This weekend only, get a Marketplace zip–up hoodie when you donate $8/month. Don’t wait — this offer ends at midnight Sunday!
TEXT OF STORY
MARK AUSTIN THOMAS: The good-old American convenience store — you know, a place to pick up some cigarettes, a Slurpee and if you’re desperate, one of those wrinkled rotating hot dogs. But as Andrea Gardner explains, one Japanese company has quietly slipped into four California locations offering a whole new to shop at the corner mini-mart.
Inside you’ll find all the basic convenience-store wares: aspirin, bubble gum, colas and chips. But then more shi-shi stuff like gourmet take-out meals: cartons of paella, next to pad Thai, grilled vegetables stacked above a pile of paninis. And Famima!! looks different, with dark-stained wood floors, stainless steel shelves and lime green walls. Customers seem to like it.
CUSTOMERS:“It’s really modern-looking and clean”…….”You can tell the look is different. It’s more spunky. Like you know it’s more, you can tell it’s got a like Japanese look to it”……..”They got the chips all in a line, in one section, nice and neat, it’s not all over the place.”
But will Americans really pay more for a fancy atmosphere at a basic convenience store? Raymond Saylor is Famima!!’s only American executive, and he says the company’s discovered a gap in the marketplace.
RAYMOND SAYLOR: Americans tend to want, at this level, a healthy product, but they are also on-the-go, so we have to be willing to do both: convenient and healthy.
Saylor says there aren’t enough companies providing fresh takeout food. That’s where Famima!! comes in. Shopping analyst Candice Corlett says the move is well-timed.
CANDICE CORLETT: It’s no longer about a small space where you pick up your beverage and your newspaper while your gas tank’s being filled. Convenience now has a much broader definition. You might want to go in and do some of your weekly shopping in this convenience store.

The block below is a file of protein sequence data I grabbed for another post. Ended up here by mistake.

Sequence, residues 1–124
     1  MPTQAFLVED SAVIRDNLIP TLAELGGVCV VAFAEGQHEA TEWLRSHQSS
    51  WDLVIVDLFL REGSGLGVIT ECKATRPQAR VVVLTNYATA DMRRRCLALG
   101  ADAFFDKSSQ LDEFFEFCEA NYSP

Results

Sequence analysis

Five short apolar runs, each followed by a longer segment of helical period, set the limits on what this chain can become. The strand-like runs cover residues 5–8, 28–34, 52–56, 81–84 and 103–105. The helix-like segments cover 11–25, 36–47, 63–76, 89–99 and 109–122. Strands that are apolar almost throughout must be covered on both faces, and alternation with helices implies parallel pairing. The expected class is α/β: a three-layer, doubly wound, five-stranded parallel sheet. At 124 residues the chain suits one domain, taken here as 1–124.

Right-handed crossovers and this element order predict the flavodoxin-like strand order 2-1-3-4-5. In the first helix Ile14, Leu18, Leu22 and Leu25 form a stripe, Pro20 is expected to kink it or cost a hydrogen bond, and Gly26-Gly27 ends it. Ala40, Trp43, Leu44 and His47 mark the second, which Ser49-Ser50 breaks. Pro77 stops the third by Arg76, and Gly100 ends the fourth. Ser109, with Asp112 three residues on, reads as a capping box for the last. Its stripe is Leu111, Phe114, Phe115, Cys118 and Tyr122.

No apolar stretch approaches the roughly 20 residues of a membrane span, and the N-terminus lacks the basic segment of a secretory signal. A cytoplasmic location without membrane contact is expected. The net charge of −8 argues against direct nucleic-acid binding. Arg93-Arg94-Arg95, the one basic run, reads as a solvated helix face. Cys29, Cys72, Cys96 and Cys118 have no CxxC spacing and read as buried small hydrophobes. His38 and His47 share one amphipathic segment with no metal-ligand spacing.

Corlett says convenience stores saw a change coming about five years ago. Gasoline sales weakened as more customers switched to pumps at Wal-Mart and Costco. Owners of smaller chains in the Midwest took the hint and added rows of refrigerated display cases. British company Tesco will soon roll out a chain of chic mini-marts in the US. Even 7-Eleven is testing out upscale stores.
But even upscale has its price limits. A sushi box costs $7.50. The company says it wants to bring that down and that might help hook customers like Ryan Calavano, who eyed a $4 plate of grilled vegetables but left empty-handed.
RYAN CALAVANO: It seems like a nice place to stop in and get something on my break. I looked at the prices and it looked a little high, which I was actually paying attention to.
And if this new evolved mini-mart can win over folks like Ryan, that shriveled, sweaty convenience-store hot dog could soon be on its last rotation.
In Los Angeles, I’m Andrea Gardner for Marketplace.
There’s a lot happening in the world. Through it all, Marketplace is here for you.
You rely on Marketplace to break down the world’s events and tell you how it affects you in a fact-based, approachable way. We rely on your financial support to keep making that possible.
Your donation today powers the independent journalism that you rely on. For just $5/month, you can help sustain Marketplace so we can keep reporting on the things that matter to you.